AgeCAP is an app that is being developed so that users can rate the age-friendliness of a location or service. Users can also read the ratings to find suitable places. (I have downloaded this app for Android and it doesn’t seem to be fully functioning yet – I will be sure to update this post once it is). You can read about their work (and participate in a research study in the Toronto area) on their website. Age-CAP is a free download in iTunes and Google Play (the links will take you directly to the app).
Age-CAP is a cross-platform smart phone application which aims to create a crowd-sourced database of age-friendly locations. It consists of survey-style forms which allow users to quickly rate the age-friendliness of a location or service. The criteria for rating was developed using the World Health Organization’s Global Network of Age-friendly Cities guidelines (which I also worked on during my internship with the WHO in Copenhagen), and age-friendly community initiatives in other North American cities. Users are also able to browse submitted ratings to assess the age-friendliness of locations in their neighborhood, providing them with information that would otherwise be unavailable.
“An age-friendly environment fosters active ageing by optimizing opportunities for health, participation and security in order to enhance quality of life as people age”
Similarly, the AARP has a guide on age-friendly communities, and serves as the coordinating point for the USA in the Global Network of Age-friendly Cities.
Dementia Adventure (no connection with this blog, other than a passion for improving the lives of people with dementia) is an organization that lists dementia-friendly venues (all in the UK, for the moment). They also offer consulting and training services, so that locations can become more dementia-friendly. Truly, a up-and-coming social service!!
Thanks for reading this post, and please take a minute to answer the poll or to post your experiences and concerns in the comments. I will even get the ball rolling…..
When I was a caregiver in Denmark, we (myself and another caregiver) accompanied the woman on holiday in Spain. It was a great trip, we had a lot of fun, enjoyed getting away and seeing new things, trying new foods, watching new people. The largest barrier we faced was that many places weren’t wheelchair accessible. This meant we had to lift the chair up stairs to get into restaurants or bathrooms, carry the person up flights of stairs and then go back down for the wheelchair and luggage, and we even found the elevators were out of order at the train station when we first arrived! (This was one time when Danish women were a little happy for the Spanish machismo) – After about 3 flights of stairs and another 3 to go to get above ground, I welcomed the help! Looking back, I would do it all over again. We all had a good time and these challenges in public spaces are kind of part of the job – plus they really opened my eyes to barriers I hadn’t noticed before. It was hard work, but there were no major meltdowns, no one got sick, and no one was any worse for the wear. We all had a good joke that we “needed” our nightly ice cream so we didn’t work ourselves to the bone 😉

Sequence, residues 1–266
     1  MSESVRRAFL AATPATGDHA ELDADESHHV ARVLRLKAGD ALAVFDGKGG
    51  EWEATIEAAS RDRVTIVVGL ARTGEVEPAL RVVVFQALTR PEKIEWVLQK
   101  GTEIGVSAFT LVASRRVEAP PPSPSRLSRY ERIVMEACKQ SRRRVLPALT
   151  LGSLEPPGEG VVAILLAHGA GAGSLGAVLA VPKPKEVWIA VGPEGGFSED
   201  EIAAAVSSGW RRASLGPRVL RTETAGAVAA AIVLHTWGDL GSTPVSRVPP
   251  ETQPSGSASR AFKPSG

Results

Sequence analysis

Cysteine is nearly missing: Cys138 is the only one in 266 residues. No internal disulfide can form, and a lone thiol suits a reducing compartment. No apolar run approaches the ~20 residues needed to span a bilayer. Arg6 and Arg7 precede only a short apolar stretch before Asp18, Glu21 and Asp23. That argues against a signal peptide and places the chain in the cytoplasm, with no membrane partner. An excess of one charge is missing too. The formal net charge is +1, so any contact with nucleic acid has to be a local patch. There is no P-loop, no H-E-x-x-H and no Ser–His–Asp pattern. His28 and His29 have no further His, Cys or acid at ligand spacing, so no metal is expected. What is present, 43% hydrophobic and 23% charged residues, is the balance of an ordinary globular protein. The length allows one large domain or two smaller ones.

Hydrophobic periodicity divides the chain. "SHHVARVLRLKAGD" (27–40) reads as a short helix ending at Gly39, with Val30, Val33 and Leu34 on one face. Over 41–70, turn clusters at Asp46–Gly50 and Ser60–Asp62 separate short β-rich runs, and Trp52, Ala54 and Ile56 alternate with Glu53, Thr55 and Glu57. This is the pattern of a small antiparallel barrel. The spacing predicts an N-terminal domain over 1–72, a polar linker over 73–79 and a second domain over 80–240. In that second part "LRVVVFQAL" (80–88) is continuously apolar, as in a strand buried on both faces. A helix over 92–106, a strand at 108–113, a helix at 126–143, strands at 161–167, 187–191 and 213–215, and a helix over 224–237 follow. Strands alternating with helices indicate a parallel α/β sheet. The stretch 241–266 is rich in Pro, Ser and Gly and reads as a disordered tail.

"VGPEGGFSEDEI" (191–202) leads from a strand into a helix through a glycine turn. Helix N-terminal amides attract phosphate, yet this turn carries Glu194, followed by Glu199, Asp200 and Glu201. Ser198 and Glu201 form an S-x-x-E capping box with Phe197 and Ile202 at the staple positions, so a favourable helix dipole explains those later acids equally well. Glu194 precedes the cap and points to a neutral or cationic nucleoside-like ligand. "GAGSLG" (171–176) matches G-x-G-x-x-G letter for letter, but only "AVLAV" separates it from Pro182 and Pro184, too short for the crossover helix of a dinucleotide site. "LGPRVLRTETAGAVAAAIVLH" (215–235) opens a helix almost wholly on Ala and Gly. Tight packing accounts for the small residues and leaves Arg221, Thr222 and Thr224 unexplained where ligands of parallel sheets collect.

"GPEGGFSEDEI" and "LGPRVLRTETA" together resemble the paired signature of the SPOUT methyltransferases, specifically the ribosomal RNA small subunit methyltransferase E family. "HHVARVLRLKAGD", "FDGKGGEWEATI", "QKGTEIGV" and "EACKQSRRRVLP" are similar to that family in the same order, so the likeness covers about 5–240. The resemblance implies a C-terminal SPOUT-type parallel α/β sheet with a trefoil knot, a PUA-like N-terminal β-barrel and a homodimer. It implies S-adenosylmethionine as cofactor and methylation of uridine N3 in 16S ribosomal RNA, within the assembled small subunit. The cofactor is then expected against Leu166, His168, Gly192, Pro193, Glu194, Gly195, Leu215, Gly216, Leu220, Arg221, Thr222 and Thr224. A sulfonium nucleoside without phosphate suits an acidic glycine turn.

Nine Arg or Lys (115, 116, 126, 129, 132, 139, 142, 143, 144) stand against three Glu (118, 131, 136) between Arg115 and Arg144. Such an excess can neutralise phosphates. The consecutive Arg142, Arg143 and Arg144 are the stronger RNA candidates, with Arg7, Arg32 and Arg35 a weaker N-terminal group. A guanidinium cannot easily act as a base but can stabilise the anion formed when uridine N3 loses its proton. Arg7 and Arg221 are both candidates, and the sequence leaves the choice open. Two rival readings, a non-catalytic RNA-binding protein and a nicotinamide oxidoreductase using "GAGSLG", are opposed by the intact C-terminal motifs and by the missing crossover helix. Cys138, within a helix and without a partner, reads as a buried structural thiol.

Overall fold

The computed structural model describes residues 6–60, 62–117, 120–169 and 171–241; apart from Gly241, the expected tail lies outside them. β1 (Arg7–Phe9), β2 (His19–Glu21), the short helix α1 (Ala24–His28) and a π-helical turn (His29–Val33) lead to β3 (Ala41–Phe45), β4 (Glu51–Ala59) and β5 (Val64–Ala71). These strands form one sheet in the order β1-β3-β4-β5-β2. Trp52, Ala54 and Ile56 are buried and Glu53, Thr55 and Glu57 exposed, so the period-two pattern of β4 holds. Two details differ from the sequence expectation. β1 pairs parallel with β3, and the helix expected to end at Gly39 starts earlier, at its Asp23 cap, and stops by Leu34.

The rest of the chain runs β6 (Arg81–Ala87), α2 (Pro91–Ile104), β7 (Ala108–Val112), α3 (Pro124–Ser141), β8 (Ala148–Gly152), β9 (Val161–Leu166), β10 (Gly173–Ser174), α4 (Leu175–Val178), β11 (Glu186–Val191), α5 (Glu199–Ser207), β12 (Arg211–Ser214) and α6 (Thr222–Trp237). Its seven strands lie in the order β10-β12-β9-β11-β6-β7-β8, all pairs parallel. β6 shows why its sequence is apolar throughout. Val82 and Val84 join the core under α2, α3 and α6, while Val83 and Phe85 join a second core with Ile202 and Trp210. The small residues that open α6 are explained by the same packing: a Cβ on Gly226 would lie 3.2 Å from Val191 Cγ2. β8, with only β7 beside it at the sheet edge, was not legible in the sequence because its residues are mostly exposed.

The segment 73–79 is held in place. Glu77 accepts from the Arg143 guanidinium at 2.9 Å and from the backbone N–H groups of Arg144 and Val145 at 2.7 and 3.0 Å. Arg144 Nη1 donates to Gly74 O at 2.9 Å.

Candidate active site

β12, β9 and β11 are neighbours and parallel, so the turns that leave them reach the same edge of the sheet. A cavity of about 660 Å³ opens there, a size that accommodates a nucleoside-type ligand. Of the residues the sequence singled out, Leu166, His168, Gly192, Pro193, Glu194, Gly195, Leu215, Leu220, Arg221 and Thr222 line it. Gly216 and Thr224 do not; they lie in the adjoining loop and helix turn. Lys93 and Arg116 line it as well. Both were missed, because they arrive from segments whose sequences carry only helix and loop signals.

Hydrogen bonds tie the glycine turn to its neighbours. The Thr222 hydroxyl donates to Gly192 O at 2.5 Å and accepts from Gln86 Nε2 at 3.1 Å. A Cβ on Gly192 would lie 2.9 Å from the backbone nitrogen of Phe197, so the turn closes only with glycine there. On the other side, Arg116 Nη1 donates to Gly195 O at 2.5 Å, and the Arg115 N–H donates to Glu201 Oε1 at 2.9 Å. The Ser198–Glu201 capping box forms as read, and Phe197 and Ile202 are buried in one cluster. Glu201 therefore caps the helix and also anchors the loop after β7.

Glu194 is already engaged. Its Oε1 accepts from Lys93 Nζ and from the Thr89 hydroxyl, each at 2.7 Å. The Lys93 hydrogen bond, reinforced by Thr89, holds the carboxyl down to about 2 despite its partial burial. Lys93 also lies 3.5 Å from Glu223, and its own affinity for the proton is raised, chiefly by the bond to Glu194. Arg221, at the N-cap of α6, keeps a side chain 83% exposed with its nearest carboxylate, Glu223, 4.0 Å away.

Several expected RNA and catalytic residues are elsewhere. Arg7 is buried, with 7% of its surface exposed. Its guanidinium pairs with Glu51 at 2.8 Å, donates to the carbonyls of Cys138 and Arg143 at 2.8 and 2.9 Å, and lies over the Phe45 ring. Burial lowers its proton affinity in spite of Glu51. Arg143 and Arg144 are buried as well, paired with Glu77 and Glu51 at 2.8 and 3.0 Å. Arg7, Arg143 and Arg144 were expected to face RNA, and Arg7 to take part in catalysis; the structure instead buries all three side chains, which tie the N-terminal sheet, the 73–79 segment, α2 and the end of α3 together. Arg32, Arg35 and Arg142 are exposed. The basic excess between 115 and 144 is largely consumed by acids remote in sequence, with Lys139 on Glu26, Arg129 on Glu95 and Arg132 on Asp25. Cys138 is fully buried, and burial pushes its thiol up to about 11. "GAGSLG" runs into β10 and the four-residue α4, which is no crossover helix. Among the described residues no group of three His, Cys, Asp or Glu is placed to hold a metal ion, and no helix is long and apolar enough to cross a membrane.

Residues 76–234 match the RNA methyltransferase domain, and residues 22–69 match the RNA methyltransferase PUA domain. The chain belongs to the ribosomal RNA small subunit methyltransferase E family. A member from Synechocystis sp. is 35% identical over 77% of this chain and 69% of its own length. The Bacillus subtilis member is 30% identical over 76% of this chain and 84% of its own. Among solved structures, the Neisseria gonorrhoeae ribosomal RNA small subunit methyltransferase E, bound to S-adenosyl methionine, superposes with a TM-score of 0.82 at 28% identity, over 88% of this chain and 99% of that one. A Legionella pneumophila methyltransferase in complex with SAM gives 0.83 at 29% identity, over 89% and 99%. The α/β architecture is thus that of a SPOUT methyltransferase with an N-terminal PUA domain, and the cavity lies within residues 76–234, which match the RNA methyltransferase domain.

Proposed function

This particular topic in dementia care interests me, because sometimes I dream of running a vacation property with cottages, tree, gardens, animals, and where families can safely bring a person with dementia on the family vacation.
There are an increasing number of “sandwich generation” caregivers, typically female family members, who are caring for their children as well as their aging parents. In this light, I would imagine that there will be increasing numbers of families who wish to vacation together and enjoy the good times.
From what I can tell from the market now, is that the main options for families in this position are to:
Put the person with dementia into an institution while the family goes on vacation (many long-term care facilities will take a person with dementia for a week of respite for the caregivers), and will cost an average in the US of $3000 for the week.
Find a caregiver to hire to come on vacation with you to take care of the person with dementia (through a local long-term facility, a caregiver already hired by the family, or a hired caregiver specifically for this vacation). These services might also include the family covering insurance, transportation, and hotel costs for the caregiver in addition to pay, easily totaling thousands of dollars.
Bring the person with dementia with and plan care shifts with the family going along (which will often fall back on to the primary caregiver – so they don’t really get the R&R they need).
So, like I said, I have some dreams and I would love to hear your opinions and thoughts:
What did/do you worry about when taking your loved one on vacation?
How did you find a way to give care?
What are your motivations for taking them on vacation with you?
What kind of care services would you expect, if you hired someone to care for your loved one while on vacation?
What are the “main things” a hired caregiver could take over or take off your mind, so that you can relax and enjoy yourself?
Sunset on Lake Patagonia (Arizona) at our campsite